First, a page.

The human being in digitization poses considerable challenges for many organizations in practice. Sometimes you have to convince skeptics or deal with resistance.
The human in digitization
From your point of view, what are the major problems that should be considered in the context of digitization?
There are two main challenges when we talk about digitization. Depending on their personal experience and level of knowledge, people have very different ideas about digitization. In my experience, a purely technical or product-related view sometimes tends to lead to a negative attitude. Because we have learned that new techniques are always accompanied by more effectiveness and efficiency. And then people in digitalization naturally ask themselves questions like: What is it doing to me? How does this help me? What consequences does this have for me and my work?
Processes of change such as digitization can certainly be compared to the introduction of the steam locomotive or electrification. Many say: “Finally!” and are open to the changes that come with it. But of course, not all people are open to change. In order not to let resistance arise in the first place, it is important to understand the respective roles of the individual and their point of view and also to talk about them directly.
What can already be said today: During digitization processes, direct discussions are often criminally neglected. Or it is replaced by depersonalized communication such as e-mails, newsletters, the intranet or employee newspapers. We humans are social beings and tend to view this type of communication negatively. The personal conversation prevents misinterpretations and misunderstandings. And it is a key success factor for digitization to succeed.
Digitization through good communication
How can leaders face these impacts?
There is no equipment for the digital change, not “the” tool box and certainly not the ultimate one-day seminar. This topic is far too complex for that. Rather, it requires healthy self-reflection, authenticity, empathy and openness. It doesn’t always have to be the complete reinvention of the organization; small, well-communicated steps are often enough to make a big difference in the end. Admittedly, this requires patience and a certain degree of sustainability in action.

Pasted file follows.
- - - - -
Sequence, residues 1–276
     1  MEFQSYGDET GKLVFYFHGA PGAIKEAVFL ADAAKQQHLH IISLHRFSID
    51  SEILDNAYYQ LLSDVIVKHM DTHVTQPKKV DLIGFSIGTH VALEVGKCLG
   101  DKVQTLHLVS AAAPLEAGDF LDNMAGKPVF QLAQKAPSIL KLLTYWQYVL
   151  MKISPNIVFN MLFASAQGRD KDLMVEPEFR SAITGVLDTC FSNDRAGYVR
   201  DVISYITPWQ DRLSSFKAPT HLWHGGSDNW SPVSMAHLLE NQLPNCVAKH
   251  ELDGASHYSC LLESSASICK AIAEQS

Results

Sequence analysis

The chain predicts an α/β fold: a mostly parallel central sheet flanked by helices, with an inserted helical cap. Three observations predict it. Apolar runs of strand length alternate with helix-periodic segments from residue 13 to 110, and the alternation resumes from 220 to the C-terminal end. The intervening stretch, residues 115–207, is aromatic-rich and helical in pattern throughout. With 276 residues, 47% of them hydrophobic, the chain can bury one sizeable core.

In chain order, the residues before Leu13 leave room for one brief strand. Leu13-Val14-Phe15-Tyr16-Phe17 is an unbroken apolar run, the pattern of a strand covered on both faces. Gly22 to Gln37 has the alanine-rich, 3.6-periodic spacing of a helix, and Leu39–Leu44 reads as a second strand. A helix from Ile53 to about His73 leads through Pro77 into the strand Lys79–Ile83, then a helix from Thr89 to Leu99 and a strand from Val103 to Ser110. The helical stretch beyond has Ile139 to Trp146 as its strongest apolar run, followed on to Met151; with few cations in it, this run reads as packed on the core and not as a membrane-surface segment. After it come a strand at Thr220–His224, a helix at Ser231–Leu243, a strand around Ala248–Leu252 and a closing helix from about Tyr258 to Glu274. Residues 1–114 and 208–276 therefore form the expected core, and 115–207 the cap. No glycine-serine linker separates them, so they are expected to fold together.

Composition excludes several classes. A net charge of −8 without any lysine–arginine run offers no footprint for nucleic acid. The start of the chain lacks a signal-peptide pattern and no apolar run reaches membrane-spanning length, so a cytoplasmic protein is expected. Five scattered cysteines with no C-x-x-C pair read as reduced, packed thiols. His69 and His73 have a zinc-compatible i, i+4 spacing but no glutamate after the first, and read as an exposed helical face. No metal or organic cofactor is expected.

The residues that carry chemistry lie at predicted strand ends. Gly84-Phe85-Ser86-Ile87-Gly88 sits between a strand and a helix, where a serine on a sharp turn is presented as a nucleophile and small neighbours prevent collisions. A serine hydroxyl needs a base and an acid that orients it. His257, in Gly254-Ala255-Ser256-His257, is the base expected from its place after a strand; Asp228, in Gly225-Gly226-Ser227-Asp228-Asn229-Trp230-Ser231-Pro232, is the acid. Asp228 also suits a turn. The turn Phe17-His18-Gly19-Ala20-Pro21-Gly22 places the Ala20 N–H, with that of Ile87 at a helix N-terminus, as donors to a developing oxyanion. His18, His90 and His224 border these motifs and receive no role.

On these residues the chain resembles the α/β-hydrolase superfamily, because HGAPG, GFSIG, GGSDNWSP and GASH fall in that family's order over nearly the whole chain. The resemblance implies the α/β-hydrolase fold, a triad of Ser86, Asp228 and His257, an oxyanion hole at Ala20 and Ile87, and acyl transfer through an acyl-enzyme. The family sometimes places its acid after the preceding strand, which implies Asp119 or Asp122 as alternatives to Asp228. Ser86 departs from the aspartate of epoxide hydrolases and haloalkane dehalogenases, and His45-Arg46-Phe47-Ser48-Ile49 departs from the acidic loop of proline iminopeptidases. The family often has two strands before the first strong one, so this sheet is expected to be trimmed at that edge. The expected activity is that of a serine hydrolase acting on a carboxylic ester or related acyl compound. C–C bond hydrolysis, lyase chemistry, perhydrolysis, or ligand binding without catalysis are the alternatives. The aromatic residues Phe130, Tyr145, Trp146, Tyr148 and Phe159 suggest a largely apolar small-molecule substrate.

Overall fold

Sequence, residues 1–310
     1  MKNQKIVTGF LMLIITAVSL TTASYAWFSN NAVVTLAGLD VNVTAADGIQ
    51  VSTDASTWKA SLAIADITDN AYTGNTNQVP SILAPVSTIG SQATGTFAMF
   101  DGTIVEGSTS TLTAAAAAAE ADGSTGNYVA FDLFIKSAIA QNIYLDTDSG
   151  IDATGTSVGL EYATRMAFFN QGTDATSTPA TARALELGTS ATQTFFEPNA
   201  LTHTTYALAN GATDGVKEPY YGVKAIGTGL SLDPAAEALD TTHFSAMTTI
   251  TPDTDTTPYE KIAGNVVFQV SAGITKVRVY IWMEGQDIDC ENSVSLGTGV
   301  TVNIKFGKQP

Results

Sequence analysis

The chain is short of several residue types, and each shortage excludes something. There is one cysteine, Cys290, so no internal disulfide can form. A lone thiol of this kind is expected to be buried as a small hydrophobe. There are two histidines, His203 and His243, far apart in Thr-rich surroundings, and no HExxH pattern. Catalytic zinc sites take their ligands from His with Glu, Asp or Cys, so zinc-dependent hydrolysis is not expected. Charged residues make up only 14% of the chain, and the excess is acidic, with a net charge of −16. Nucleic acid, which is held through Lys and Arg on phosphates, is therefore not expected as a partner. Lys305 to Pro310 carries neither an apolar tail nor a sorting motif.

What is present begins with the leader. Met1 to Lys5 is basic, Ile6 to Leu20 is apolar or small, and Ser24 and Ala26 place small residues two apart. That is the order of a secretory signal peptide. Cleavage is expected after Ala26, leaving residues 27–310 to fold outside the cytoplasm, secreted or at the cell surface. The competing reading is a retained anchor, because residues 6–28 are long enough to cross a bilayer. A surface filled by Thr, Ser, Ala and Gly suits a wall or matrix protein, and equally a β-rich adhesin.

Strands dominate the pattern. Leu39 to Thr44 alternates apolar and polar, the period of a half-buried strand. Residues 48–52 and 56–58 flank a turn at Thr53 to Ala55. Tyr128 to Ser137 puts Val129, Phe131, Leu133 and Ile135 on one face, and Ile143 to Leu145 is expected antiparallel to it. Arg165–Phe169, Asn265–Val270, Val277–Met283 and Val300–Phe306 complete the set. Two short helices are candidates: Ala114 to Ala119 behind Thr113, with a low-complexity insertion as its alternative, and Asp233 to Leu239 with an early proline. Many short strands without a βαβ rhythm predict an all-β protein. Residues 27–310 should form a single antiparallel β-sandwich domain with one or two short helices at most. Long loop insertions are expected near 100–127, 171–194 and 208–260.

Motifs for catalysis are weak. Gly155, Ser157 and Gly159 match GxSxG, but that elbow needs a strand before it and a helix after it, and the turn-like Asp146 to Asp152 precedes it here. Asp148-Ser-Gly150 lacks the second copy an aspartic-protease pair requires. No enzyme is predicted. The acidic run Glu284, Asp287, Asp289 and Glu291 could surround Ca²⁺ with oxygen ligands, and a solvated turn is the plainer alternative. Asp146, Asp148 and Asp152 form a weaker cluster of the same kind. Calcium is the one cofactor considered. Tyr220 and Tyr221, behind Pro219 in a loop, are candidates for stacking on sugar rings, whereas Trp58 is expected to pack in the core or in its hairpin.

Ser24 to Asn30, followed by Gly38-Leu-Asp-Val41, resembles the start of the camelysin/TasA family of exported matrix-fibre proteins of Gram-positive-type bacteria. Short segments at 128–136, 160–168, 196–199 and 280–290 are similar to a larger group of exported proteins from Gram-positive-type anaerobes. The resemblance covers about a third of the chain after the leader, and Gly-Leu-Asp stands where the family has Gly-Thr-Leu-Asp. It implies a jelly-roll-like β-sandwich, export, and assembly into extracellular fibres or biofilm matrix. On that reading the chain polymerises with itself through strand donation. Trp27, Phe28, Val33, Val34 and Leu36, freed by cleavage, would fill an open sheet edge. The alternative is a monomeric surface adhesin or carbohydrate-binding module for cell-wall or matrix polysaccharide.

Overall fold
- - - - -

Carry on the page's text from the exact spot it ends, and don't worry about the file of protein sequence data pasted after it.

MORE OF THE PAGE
Do you have a few specific tips or practices that you’ve found particularly helpful?
The saying “If the organization knew what it knows” is apt at this point. From an entrepreneurial perspective, a recurring inventory makes sense. In many cases, the potential of the software and communication systems used is not at all clear to us. Or managers know far too little about the talents of their employees. The really conscious examination of the structures, people, roles and expectations suggests enormous economic potential in many companies. This requires a certain amount of time investment, the return on which should be all the higher.
Digitization through own networks and empowerment
Many institutes and associations rely on empowerment to prepare employees for the challenges of digital work. How do you go about it?
Actionism in digitization is primarily based on the tangible and above all on issues such as data protection, data security, handling software A or B or similar, for which there are training courses. These things are relatively easy to learn, easy to convey and not too expensive in terms of costs. In my opinion, however, the core lies in social and personal skills. Teaching these skills is more complex, takes longer and is also more expensive. Therefore, small and medium-sized companies also shy away from it. Sometimes it might make sense to think about your own and existing networks. For example, why shouldn’t a Generation Z trainee be a digital mentor for his colleagues? Can the burdens of adjustment processes be shared among several shoulders? How much digitization does my customer really need?
Correctly assessing human potential in digitalization
How is it possible, under certain circumstances, to convince older or less flexible employees within an organization and to get them on their way?
This question is closely linked to the meaningfulness of the action, but also to the process of learning. Changes, regardless of whether they involve new software or processes, require meaningful and target group-oriented communication. Generalizing approaches run the risk of losing precisely these groups of people. Unsuitable formats, media or simply not enough study time can make the difference between success and failure.
Good methodical-didactical planning and implementation primarily requires an intensive discussion with the employees of a company. Activation, whether young or old, only works well if we know the experiences and potential of these people. When people are allowed to use their experience and skills, they experience appreciation, are motivated and are happy to pass on their knowledge to their colleagues. In view of the fact that we cannot find enough “new” employees due to demographic change, I think it would be almost criminal to think in stereotypes and leave these resources unused.